As a tastemaker of Australia’s dining scene, Maurice Terzini is known for establishing some of the country’s most iconic culinary destinations, including Bondi’s Icebergs Dining Room and Bar. But as a creative entrepreneur, it was only a matter of time before fashion took his fancy: he launched streetwear brand Ten Pieces in 2011 in collaboration with Ian Nessick, and partner and creative director Lucy Hinkfuss. Since then, their team has expanded to include designer Alan Marshall and an array of collaborators.
First up they reinvented the staff uniforms for Terzini’s restaurants and eventually moved on to designing full collections. “The brand began as a way to facilitate our own needs: his wardrobe, my wardrobe, and the restaurants,” Hinkfuss tells ORDRE, adding, “We casually showed [the first collection] at Icebergs, and the response was better than we had ever expected!”
Ten Pieces has since evolved into a distinctive unisex label with a simple core concept: ten interchangeable wardrobe staples tapping an effortless, Australian-cool aesthetic.
So, here are five reasons why the label is worth your time.
- Sustainability Driven
The Ten Pieces model is driven by a slow fashion ethos. It presents highly curated limited collections, which go a long way to maintaining a sustainable production model. “We’re not really looking to produce high volumes. Instead, we try to create lasting pieces that are well-made out of quality fabrics and hardware – pieces that can really be kept over time,” Hinkfuss says.
The brand also makes solid efforts to minimise their environmental footprint with their production, partnering with a number of small boutique factories in Shanghai, Guangzhou, Australia, and Indonesia who work hard to diminish fabric wastage.
- It's A Lifestyle, Not A Brand
Considering Terzini’s expertise in hospitality, it’s no surprise that Ten Pieces have built an elevated lifestyle around the brand, often hosting experiential parties and pop-up events featuring carefully considered food, drinks, and music. “Our brand is about pushing a lifestyle more than anything,” Hinkfuss emphasises. “Curating our own spaces and events allows us to create the whole brand picture, and we’re very specific about the way we present everything. The events are just as important as designing clothes.”
This approach has opened doors to a number of creative collaborative projects, including music producer Nicky Knight Time who produces original soundtracks for all of their events, and mixologist Matt Wiley, of London’s esteemed Scout bar, who designed a bespoke drink for the AW’19 show. Next Hinkfuss reveals the brand will be partnering with the world-renowned Sydney Biennale for their upcoming art exhibition.
“Our brand is about pushing a lifestyle more than anything. The events are just as important as designing clothes.”
- Versatile But Detail-oriented
Intended to be easily mixed and matched, Ten Pieces’ collections exude a sense of versatility and ease, focusing heavily on quality fabrication. For SS’20, Hinkfuss highlights an exploration of new technical fabrics with a sportswear lean, quilted bomber jackets and matching quilted skirts, as well as a number of Italian denim-wool styles. “I love all the denim pieces – they’re really simple but they also have a really sophisticated feel about them,” she beams.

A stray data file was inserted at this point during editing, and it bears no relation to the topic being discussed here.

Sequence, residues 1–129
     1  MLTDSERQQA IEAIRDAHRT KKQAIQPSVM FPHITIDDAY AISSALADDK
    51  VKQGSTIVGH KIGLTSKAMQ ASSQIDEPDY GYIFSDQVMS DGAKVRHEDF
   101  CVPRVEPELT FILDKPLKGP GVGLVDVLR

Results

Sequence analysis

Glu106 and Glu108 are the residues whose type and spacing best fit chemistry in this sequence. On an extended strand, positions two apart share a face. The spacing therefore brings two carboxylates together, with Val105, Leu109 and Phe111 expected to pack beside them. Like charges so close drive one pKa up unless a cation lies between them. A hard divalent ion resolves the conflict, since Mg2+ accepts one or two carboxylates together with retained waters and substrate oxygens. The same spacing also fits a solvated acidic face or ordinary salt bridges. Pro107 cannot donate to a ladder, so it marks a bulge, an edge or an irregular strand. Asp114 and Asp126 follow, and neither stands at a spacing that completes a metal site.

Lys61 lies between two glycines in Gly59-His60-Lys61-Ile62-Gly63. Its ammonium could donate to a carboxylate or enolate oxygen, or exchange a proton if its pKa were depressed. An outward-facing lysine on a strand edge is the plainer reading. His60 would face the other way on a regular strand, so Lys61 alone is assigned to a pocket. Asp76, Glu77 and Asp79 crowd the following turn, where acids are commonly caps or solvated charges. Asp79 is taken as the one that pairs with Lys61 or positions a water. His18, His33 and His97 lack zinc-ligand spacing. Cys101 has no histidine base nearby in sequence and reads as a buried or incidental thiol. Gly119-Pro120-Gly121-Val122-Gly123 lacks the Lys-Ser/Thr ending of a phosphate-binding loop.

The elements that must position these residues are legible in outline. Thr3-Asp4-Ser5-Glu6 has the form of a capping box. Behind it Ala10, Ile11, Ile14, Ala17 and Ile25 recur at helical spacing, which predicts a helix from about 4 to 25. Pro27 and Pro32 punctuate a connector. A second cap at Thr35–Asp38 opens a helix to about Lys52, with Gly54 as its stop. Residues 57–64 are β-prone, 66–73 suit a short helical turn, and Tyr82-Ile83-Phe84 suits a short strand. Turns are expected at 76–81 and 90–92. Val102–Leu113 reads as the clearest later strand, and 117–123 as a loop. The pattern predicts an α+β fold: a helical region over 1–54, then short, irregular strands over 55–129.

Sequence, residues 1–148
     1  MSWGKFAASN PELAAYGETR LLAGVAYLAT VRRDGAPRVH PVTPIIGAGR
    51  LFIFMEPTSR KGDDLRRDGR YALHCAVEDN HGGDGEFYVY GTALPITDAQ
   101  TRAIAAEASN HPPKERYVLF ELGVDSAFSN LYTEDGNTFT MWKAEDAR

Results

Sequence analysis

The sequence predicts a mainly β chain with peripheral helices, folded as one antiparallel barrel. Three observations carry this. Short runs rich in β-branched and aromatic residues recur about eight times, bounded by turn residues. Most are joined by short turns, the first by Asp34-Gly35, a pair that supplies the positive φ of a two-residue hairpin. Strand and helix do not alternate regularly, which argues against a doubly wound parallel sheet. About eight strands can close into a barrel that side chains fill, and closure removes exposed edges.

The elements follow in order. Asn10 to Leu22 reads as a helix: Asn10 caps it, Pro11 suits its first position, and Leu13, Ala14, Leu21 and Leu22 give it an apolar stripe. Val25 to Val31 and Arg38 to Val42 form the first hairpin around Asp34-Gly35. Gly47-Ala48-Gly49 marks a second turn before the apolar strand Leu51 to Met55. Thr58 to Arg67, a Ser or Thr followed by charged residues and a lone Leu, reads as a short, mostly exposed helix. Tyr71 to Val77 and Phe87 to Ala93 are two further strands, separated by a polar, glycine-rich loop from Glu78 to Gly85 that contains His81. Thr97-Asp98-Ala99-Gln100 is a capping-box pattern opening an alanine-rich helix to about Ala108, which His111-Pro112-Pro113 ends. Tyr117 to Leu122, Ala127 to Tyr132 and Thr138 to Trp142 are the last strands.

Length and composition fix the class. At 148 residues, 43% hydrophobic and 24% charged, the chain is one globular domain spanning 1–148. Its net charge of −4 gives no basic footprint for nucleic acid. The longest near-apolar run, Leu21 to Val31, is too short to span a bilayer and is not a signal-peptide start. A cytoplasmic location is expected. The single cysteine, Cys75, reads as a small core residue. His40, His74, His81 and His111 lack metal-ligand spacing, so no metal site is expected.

The brand also places emphasis on detail, an element they’ve particularly refined this season. Drawing inspiration from the Italo-disco music scene – a nod to Terzini’s heyday living in Italy during the ‘70s – signature hand-prints appear on jackets, parkas, and inside linings, while hardware is accentuated. “We’ve been really specific about the zips, fastenings, and pockets, and have made sure they are really on point,” says Hinkfuss.
- Expansion Is Key
In 2018, the growing excitement around Ten Pieces caught the attention of Browns' buying director Ida Petersson during Fashion Week in Sydney, who snapped up the brand for its “casual yet refined approach.” Browns' buyer Costanza Lombardi adds, “When it comes to merchandising, we have a unique strategy and are known for mixing next-generation designers like Ten Pieces with the very best of established brands.”
Stockists haven’t been their main focus thus far, but it’s something Hinkfuss and her team are gearing up to change: “We haven’t chased retailers internationally until now because we’ve been focusing on building the brand and refining our production. Now, we’re ready to expand.” Among the markets they’re pursuing, she mentions Asia – Japan in particular – and the US. “We don’t want to be oversaturated, we’re looking for key retailers that have the capacity to represent our collections in interesting ways and with the same immersive ethos we champion,” she adds.
- A Fluid Fashion Experience
Other than expanding their retail base, the Ten Pieces team are excited to take their experiential pop-up events global: “We want to be able to do our interactive pop-up concepts outside of Australia. If we are working with international retailers we’d be really interested in doing something interactive with their spaces,” Hinkfuss adds.
Combining creativity from various artforms and entertainment shapes a unique fashion experience, foreshadowing an exciting future for the brand. Hinkfuss, for one, is optimistic and reassuring: “I know brands are meant to follow the conventional fashion treadmill to succeed, but I think we want Ten Pieces to be a very open and organic – we want anything we do to be quite fluid.”
See Ten Pieces' online showroom here